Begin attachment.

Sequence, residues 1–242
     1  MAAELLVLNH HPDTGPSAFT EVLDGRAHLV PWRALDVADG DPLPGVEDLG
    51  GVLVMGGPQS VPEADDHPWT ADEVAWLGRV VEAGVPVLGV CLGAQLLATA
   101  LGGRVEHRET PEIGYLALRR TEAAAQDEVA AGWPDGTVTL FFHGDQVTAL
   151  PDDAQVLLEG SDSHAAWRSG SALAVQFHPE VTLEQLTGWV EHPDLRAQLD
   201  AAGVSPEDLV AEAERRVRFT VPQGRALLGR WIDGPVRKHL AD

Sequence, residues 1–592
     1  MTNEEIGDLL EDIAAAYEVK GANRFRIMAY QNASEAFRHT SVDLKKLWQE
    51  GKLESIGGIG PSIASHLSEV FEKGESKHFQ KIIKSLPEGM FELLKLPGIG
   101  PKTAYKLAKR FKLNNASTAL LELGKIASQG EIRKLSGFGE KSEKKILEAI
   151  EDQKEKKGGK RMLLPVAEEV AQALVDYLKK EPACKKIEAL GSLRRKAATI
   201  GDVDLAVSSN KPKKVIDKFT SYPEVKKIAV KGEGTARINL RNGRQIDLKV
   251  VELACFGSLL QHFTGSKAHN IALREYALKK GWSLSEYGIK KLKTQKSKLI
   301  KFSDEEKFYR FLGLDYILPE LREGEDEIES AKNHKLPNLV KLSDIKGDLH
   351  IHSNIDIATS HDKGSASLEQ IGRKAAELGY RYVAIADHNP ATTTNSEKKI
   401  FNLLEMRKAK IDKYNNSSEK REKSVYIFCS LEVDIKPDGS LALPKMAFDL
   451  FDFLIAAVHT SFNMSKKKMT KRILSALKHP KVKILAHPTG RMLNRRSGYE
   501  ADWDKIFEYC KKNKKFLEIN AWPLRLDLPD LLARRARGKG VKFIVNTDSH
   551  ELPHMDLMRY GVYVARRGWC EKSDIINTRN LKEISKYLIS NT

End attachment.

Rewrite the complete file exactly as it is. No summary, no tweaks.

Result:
Sequence, residues 1–242
     1  MAAELLVLNH HPDTGPSAFT EVLDGRAHLV PWRALDVADG DPLPGVEDLG
    51  GVLVMGGPQS VPEADDHPWT ADEVAWLGRV VEAGVPVLGV CLGAQLLATA
   101  LGGRVEHRET PEIGYLALRR TEAAAQDEVA AGWPDGTVTL FFHGDQVTAL
   151  PDDAQVLLEG SDSHAAWRSG SALAVQFHPE VTLEQLTGWV EHPDLRAQLD
   201  AAGVSPEDLV AEAERRVRFT VPQGRALLGR WIDGPVRKHL AD

Sequence, residues 1–592
     1  MTNEEIGDLL EDIAAAYEVK GANRFRIMAY QNASEAFRHT SVDLKKLWQE
    51  GKLESIGGIG PSIASHLSEV FEKGESKHFQ KIIKSLPEGM FELLKLPGIG
   101  PKTAYKLAKR FKLNNASTAL LELGKIASQG EIRKLSGFGE KSEKKILEAI
   151  EDQKEKKGGK RMLLPVAEEV AQALVDYLKK EPACKKIEAL GSLRRKAATI
   201  GDVDLAVSSN KPKKVIDKFT SYPEVKKIAV KGEGTARINL RNGRQIDLKV
   251  VELACFGSLL QHFTGSKAHN IALREYALKK GWSLSEYGIK KLKTQKSKLI
   301  KFSDEEKFYR FLGLDYILPE LREGEDEIES AKNHKLPNLV KLSDIKGDLH
   351  IHSNIDIATS HDKGSASLEQ IGRKAAELGY RYVAIADHNP ATTTNSEKKI
   401  FNLLEMRKAK IDKYNNSSEK REKSVYIFCS LEVDIKPDGS LALPKMAFDL
   451  FDFLIAAVHT SFNMSKKKMT KRILSALKHP KVKILAHPTG RMLNRRSGYE
   501  ADWDKIFEYC KKNKKFLEIN AWPLRLDLPD LLARRARGKG VKFIVNTDSH
   551  ELPHMDLMRY GVYVARRGWC EKSDIINTRN LKEISKYLIS NT